Spending money you don't have to is always a bad idea, so while the unused license space may not make a huge dent on the bottom line, a company that pays attention to those things will likely outperform one that doesn't.
Additionally, you usually financially plan for annual spend so you would budget for the total number of seats needed by the end of the financial year.
Edit: We first launched the precursor to GitHub Enterprise, GitHub Firewall Install, over two years ago.
Same pricing, but better branding. I wonder what else has changed?
- Enterprise is delivered in an OVF, which means it's a fully contained VM. This simplifies deployments astronomically from the previous FI architecture.
- We've spent a lot of time on the runtime and packaging of Enterprise in relation to how it runs the code. It's now much faster.
- We've changed how we merge the two codebases (.com and FI/Enterprise). Effectively, they are the same now. This means new features that come to .com will come to Enterprise quickly/immediately. Previously we had to do hard, manual merges which meant new features got to FI very late (3, 6, 8 months later).
I first heard the idea from Jeff Atwood in 2006 , neat to see the idea taking root with a high-profile product.
(Previous versions were a tarball of PHP code and a lot of brittle install scripts.)
GitHub Enterprise is the latest release of our on-premise product with a re-engineered back end and our new customer dashboard.
How does this fare against other enterprise hosted scm/version control products?
It sounds good, though I guess my fear would be that git's mindshare in the kind of locked-down IT environments this is targetted at is still fairly low. Clearcase still rules in that world, and a SCM system is among the least flexible infrastructure items.
Obviously, the feature set is pretty different, but I think it still falls into the Enterprise SCM category.
So summed up:
10 Users: $3600
20 Users: $4400
So, they are definitely cheaper, but I'd say that $5000 for 20 users is a competitive price for such a huge infrastructure.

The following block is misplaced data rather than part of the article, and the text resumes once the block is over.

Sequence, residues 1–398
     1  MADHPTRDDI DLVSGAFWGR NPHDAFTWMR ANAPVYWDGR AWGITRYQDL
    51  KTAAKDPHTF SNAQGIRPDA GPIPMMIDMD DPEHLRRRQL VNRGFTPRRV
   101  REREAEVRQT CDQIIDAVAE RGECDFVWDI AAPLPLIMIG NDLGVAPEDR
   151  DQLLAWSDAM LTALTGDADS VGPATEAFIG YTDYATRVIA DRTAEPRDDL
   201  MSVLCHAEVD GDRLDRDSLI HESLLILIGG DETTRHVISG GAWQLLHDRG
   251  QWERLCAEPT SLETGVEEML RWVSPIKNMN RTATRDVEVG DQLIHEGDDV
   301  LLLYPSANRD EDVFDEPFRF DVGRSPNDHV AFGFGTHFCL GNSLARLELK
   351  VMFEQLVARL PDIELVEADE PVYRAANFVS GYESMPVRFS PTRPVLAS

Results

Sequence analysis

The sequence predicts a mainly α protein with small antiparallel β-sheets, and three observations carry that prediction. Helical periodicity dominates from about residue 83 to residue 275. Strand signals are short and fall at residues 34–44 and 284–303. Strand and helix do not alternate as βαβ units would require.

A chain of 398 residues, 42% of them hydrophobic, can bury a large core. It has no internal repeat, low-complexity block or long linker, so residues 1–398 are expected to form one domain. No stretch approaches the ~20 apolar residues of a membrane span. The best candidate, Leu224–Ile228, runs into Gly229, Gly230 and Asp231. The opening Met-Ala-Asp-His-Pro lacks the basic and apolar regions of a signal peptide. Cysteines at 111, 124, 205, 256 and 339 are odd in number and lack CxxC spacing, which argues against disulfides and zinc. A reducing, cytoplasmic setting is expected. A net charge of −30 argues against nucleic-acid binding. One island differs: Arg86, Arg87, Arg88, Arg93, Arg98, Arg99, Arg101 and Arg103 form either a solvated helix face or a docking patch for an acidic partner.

So if your team is 10 users or less, you get all of Atlassian's products for $100.
They also have a free plan for up to 5 developers.
It's a subtle but not insignificant difference and depending on your needs, either one could be a good fit.
The equivalent for Code review in Github is the fork/pull request/compare mechanic, which can be used in between repositories as well.
Ticket management: Github Tickets. It also has basic support for Milestone planning etc.
> The VM Import process currently supports VMware ESX VMDK images, Citrix Xen VHD images and Microsoft Hyper-V VHD images for Microsoft Windows Server 2003 (R2) and 2008 (R1 & R2).
Fortunately, the format if question is an open
specification, so you can use a number of tools to convert the OVF to an interim format.
That is, obviously, a pretty ugly workaround.
The bottom line is what does GitHub Enterprise buy my over something like Redmine or Gitorious? GHE is probably easier to install but I still have to manage my own hardware & drive space. And with the open source alternatives I don't have to worry about licensing and can crack it open to add adapters to other software (#include "standard open source header").
One thing that I believe this product will have that Gitorious does not (to my knowledge) is the ability to create pull requests from branch to branch. The only way I've found for creating pull requests in Gitorious is to clone the whole repo. Not a huge deal, but it would be easier to just to do branch and merge vs. fork and pull (then branch and merge) for smaller changes.
We find it's the developers go-to place, so using the wiki along with where the source is hosted, is fantastic. As a dev team manager, I love the browsing the codebase via the web browser, reviewing what's going on in the code base instead of pulling down code locally.
From a customer, if you've got the funds, and can't go with github.com hosted, then it's the next best thing. It's been rock solid.
I guess I'm just missing why an Enterprise would spend $$$ when they can get everything they need without $$$. Then again, I'm not a bean counter and I guess I just don't understand how budgets work. :/
We also have a complex code pushing system, and integrating with github enterprise will be a bit easier than raw git.